Setlist:Tranzmission$$$$$FM1000Ode to a DroidMilky WaySpark (with Jennifer Hartswick)Reaching New HeitzOne DayMidnight MadnessNights (with Michael Berg from Van Ghost)PyramidTortureGlitter FreezeCheck out pictures by Dave Gelb: by Andre ReddyBands like STS9 and the Disco Biscuits paved the way for an explosion in the popularity and breadth of the ever growing livetronica genre. That is why it is certainly no surprise that you can find one of the more accomplished bands in the scene residing on STS9’s own label, 1320 Records. Chicago natives, Future Rock, have been perfecting their own brand of electronic rock for nearly a decade now. Over the course of 4 albums they have developed a style of pulsating beats, intense loops, bass drops, and synthesized goodness all their own. The recent album, One Day, is perhaps the culmination of the band’s hard work in perfecting their place in the genre.The trio, comprised of Darren Heitz (Drums), Felix Moreno (bass guitar & synthesizers), and Mickey Kellerman (Keyboards and Synthesizers), have been touring aggressively in support of their latest release. Not surprisingly, the New York stop, on the “One Day Tour” brought the band to Williamsburg’s Brooklyn Bowl. Billed as a late show, the festivities were not scheduled to begin until midnight, however this did not deter fans, who packed the place out, and were ready to get their dance on.Philadelphia based sonic duo, Damn Right!, got the crowd nice and warmed up to begin the night. The up and coming livetronica outfit delivered a high energy set with plenty of breaks, samples, and pop synths to please the audience. By the time Future Rock was ready to take the stage just after 1AM, the room was primed for an intergalactic throw down.Wasting no time getting to the intensity, Future Rock opened the set with the high energy “Tranzmission” and kept the dance frenzy churning one song after another. A lengthy set, the trio played nearly every song from the album One Day as well as its predecessor Nights. Fans were treated to a phenomenal block of groove that perfectly combined the two albums and kept the room wobbling and shaking. “Spark” is a song co-written by Jennifer Hartswick of TAB/Van Ghost/Wyllis & The NY Hustler Ensemble fame. So naturally the crowd was more than amped to see her come out on stage to perform the vocals for the packed room. The anthem “Reaching New Heitz”, another fan favorite, has long been played on the road but only made it to a studio album with the release of One Day. This was immediately followed by the album’s title track which is a beautifully simple layered song with breathy almost “new wave pop” type vocals. Perhaps the high point of the night, Future Rock slayed their own version of the The Chemical Brother’s “Midnight Madness”. Piling on layers and layers of sound and loops, the song brought the crowd into a level of dance intensity of another stratosphere. Collaborator Michael Berg from the band Van Ghost was on hand to support the band in a performance of “Night”, adding another special quality to the evenings show. High energy space rock and a light show which undoubtedly matched the intensity of the music, made the show one not to be missed in Brooklyn.Perhaps one of the highlights of seeing a future Rock show is watching bassist Felix Moreno. Felix is one of the more animated musicians you will see perform in the scene. His onstage gestures and faces truly help to bring the fan to a level of excitement equaling his own. Live for Live Music had a chance to catch up with Felix after the show and ask him how he felt about the performance.“…we love performing at the Brooklyn Bowl. There are some great people associated with the venue with whom we are dear friends. The early show included our close friends and collaborators, Van Ghost. Michael Berg wrote the lyrics and melody for ‘Nights;, and Jen Hartswick wrote the lyrics and melody for ‘Spark’. It was awesome to share an evening with them in Brooklyn and be able to have them join us on stage. We thought the crowd was awesome and energetic especially for such a late show. Much love to everyone who came out…”The One Day Tour continues into December.You can stream or download the album here:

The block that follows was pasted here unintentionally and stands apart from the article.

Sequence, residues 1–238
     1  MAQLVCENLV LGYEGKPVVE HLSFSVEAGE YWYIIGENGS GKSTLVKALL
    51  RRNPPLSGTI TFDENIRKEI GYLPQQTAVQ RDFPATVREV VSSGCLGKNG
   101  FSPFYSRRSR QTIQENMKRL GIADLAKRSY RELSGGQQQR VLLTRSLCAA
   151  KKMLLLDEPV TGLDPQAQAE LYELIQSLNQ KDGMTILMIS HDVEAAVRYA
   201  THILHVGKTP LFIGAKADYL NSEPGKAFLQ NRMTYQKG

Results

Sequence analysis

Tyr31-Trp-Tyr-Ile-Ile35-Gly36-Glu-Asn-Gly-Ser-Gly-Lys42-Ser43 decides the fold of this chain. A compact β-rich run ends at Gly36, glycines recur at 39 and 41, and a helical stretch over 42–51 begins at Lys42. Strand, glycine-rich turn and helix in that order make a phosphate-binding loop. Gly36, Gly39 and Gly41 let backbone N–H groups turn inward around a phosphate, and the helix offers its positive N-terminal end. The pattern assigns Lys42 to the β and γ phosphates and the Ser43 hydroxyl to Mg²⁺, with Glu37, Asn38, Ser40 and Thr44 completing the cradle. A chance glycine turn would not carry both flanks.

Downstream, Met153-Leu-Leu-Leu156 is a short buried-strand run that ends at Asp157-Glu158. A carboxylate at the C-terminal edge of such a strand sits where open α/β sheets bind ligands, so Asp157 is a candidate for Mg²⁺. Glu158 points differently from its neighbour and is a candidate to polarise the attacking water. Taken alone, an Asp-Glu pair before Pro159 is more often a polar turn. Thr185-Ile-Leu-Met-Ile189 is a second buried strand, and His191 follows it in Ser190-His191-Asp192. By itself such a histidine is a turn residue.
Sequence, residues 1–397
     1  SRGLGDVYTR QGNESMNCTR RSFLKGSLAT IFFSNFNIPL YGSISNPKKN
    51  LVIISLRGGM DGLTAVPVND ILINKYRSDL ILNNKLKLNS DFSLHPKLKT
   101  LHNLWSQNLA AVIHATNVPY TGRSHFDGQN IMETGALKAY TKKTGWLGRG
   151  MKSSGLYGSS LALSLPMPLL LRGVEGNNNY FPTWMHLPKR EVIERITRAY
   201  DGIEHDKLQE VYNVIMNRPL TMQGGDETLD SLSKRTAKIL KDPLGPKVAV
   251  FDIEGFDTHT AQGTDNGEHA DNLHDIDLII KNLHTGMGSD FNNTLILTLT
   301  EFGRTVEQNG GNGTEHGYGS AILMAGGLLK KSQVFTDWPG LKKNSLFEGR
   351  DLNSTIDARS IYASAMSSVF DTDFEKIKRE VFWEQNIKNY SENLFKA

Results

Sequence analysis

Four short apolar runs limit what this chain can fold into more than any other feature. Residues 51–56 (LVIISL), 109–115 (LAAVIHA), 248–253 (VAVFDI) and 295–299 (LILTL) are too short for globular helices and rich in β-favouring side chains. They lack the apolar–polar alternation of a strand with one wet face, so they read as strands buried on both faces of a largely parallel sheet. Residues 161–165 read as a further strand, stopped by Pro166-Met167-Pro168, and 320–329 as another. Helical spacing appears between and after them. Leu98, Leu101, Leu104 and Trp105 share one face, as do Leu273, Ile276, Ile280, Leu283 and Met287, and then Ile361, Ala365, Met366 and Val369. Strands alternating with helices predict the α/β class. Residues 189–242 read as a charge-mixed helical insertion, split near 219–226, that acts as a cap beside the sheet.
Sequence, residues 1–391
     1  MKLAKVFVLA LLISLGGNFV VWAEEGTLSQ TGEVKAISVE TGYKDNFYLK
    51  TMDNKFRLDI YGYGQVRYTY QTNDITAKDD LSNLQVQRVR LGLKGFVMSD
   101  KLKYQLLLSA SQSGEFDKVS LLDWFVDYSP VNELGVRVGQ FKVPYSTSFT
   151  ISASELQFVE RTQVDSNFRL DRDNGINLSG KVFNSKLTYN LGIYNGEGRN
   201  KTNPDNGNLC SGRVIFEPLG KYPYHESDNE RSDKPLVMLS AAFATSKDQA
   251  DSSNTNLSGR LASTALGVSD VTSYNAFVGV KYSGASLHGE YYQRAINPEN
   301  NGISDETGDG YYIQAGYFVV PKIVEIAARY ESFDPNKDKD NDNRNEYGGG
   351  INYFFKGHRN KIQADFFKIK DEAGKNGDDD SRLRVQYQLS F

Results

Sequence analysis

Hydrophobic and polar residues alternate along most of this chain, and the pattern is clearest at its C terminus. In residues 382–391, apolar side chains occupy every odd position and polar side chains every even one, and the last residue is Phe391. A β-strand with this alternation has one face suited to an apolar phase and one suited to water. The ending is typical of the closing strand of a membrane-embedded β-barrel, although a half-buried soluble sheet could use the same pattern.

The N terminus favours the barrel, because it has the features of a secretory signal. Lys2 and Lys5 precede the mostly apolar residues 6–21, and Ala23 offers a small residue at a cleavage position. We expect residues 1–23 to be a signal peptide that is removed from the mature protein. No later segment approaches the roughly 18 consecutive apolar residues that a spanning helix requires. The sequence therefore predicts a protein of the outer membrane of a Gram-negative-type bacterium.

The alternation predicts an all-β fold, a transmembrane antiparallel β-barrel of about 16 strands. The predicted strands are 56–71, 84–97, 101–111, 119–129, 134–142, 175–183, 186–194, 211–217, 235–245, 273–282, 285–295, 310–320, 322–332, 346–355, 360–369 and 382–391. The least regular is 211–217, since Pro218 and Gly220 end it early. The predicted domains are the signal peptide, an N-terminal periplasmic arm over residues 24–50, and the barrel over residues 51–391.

Highline Ballroom has seen quite a few late nights recently, as the guys from Verboten have been bringing some banging underground house parties to the recently revamped venue. The fans are listening, and not only coming out in full force, but staying until the lights come on. This week, Dutch producer and Rejected Label head honcho Joris Voorn returned to New York to the type of forward thinking tech house sets he’s become known for lately.One thing that sticks out about these Verboten shows, is that they do a great job picking out support acts for the entire night. Most of the time, they barely feel like support acts – and I think that’s the intention. It’s usually a rare appearance, an up and comer, or someone who’se just plain talented. This week, Los Angeles producer Trent Cantrelle, and Italy’s Davide Squillace set the mood with deep vibes that permeated the room, slowly bringing the energy up for the appearance of the night’s headliner.Voorn took the stage at around three o clock and instantly showed the crowd what everyone was buzzing around down in Miami this year – Voorn’s back to back set with Nic Fanciulli was one of the most talked about of the week. Voorn’s developed his own style of house, mixing elements of tech and deep house with unique drum beats, creating somewhat of a signature style. This was fully on display at Highline, taking the crowd on a journey through peaks and valleys without ever missing a beat.Next week, UK producer Maya Jane Coles will be hitting up Highline fresh off a highly talked about performance at Coachella.